The Ultimate Non-Toxic Baby Guide: How to Find Safe Products for Your Child
Whether you consider yourself a "crunchy," natural, tree-huggin' mama or not, every mom wants to know that the personal care products she's buying for her baby are as safe as they are effective. But unfortunately, labels like "natural," "vegan," "eco-friendly," "organic" get thrown around a lot without much regulation. It can be maddeningly difficult for even the savviest parent to distinguish between green-washed marketing and what's actually non-toxic.
Thankfully, looking for key ingredients and language can help. Here, your ultimate guide to steering clear of sneaky chemicals to get the cleanest, greenest, and safest products out there ...
Ingredients to avoid
- Oxybenzone - Or any of its relatives, such as
avobenzone. This chemical, often found in sunscreens, lip balm,
conditioner, and moisturizers (often the ones that tout built-in
sun-blocking capabilities), readily absorbs into the body and has been
linked to allergies, hormone disruption, cell damage -- even low birth weight in baby girls whose mothers are exposed during pregnancy.
- Fragrance - Also referred to on products as "parfum," or limonene, geraniol, "linalool," or "cinnamal." Fragrances, which frequently contain phthalates, can trigger allergic reactions and other health problems.
- Parabens - These commonly used preservative chemicals, often found in moisturizers and hair products, may be referred to on labels as methylparaben, ethylparaben, propylparaben, butylparaben, isopropylparaben, and isobutylparaben. They're hormone disruptors, mimicking estrogen in the body, and have also turned up in breast cancer tumors.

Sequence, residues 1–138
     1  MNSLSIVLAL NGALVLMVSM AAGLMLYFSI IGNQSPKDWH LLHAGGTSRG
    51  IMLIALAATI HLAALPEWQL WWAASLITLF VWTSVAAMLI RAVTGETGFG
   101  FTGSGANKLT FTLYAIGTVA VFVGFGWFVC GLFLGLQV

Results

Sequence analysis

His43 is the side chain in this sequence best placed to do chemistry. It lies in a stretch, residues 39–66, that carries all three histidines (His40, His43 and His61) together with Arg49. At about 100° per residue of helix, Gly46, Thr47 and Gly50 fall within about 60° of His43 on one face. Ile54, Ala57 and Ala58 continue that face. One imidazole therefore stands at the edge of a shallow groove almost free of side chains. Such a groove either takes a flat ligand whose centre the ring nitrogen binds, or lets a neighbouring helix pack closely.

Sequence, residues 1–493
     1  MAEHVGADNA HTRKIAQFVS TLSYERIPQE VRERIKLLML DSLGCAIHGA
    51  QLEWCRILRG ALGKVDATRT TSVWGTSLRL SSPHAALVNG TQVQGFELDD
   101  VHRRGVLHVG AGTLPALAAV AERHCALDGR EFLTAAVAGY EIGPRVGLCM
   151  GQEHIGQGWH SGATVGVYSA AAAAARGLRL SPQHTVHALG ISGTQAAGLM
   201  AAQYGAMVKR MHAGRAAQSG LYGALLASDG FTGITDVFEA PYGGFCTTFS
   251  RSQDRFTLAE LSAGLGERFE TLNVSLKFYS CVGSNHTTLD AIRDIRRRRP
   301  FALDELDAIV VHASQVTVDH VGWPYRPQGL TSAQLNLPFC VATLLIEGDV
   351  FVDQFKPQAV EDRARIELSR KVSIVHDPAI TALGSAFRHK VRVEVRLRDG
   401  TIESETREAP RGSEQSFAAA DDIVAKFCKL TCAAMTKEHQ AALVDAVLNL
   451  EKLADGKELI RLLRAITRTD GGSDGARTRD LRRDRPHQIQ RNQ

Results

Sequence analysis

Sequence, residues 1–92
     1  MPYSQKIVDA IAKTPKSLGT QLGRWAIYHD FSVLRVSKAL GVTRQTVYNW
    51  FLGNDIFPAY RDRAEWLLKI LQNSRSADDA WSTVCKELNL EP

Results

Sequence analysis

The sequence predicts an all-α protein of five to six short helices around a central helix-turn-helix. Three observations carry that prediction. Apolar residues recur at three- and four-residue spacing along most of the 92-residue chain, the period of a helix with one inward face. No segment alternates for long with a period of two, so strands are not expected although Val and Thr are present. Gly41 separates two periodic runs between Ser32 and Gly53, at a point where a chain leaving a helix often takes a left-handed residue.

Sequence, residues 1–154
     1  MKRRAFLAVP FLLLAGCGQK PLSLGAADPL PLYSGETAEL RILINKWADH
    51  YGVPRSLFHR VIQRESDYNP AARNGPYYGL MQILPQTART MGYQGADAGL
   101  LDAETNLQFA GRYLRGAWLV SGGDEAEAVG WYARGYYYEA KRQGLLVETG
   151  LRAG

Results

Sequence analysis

- Antibacterials - Often found in soaps and body washes, chemicals like triclosan and chloroxylenol (or PCMX) may be harmful to your little ones. Triclosan creates dioxin, a carcinogen, as a by-product. A Swedish study found high levels of this bactericide in human breast milk. Meanwhile, chloroxylenol is also a suspected immunotoxin and skin or sense organ toxicant, as well as a gastrointestinal or liver toxicant.
- Mineral oil - Often found in baby oil, this petroleum product is one to avoid, especially when there are less toxic products available, like organic safflower, grapeseed, coconut, wheat germ, sesame, apricot kernel, almond, jojoba, or vitamin E.
- PEG - The most common emulsifier in hand lotions, it can be contaminated with 1,4-dioxane, a carcinogen.
- TEA - Found to be a frequent sensitizer and cause of contact dermatitis. It can also release carcinogenic formaldehyde, as can DMDM hydantoin and quaternium-15.
- Lanolin - Used in lotions, this animal product can be contaminated with pesticides. It's also a common allergen.
- Sodium lauryl sulfate - This cleansing agent, often found in soaps and shampoos, is a known irritant for little ones with sensitive skin or eczema.
Sneaky language to look for
The following terms are not regulated by the the U.S. Food and Drug Administration (FDA) and therefore can't be trusted to accurately reflect a product's safety. (Scary reality check: 89 percent of all ingredients in personal care products have not been evaluated for safety by any publicly accountable institution.)
- Natural, all-natural
- Environmentally friendly
Labels that really do mean something
The Leaping Bunny - Considered the highest standard in cruelty-free, companies that show the leaping bunny logo must back up their cruelty-free promise by taking part in on-site audits that assess the validity of each licensee’s claim to a “no animal testing” manufacturing policy.
Cruelty Free - This logo means the manufacturer behind a product has pledged to PETA that they will not conduct, commission, or pay for any tests on animals.
USDA Organic - Many products claim to be organic, but unless they feature the USDA certified organic label, they have nothing to back their claim. The USDA Organic Standards are the "gold standard" for personal care products, and to be certified USDA Organic, a baby skincare product must contain at least 95 percent organic ingredients.
If you're ever in doubt about a product, you can always look it up on sites like GoodGuide.com and Environmental Working Group's Skin Deep Cosmetics Database.
What do you watch out for when shopping for "greener" baby products?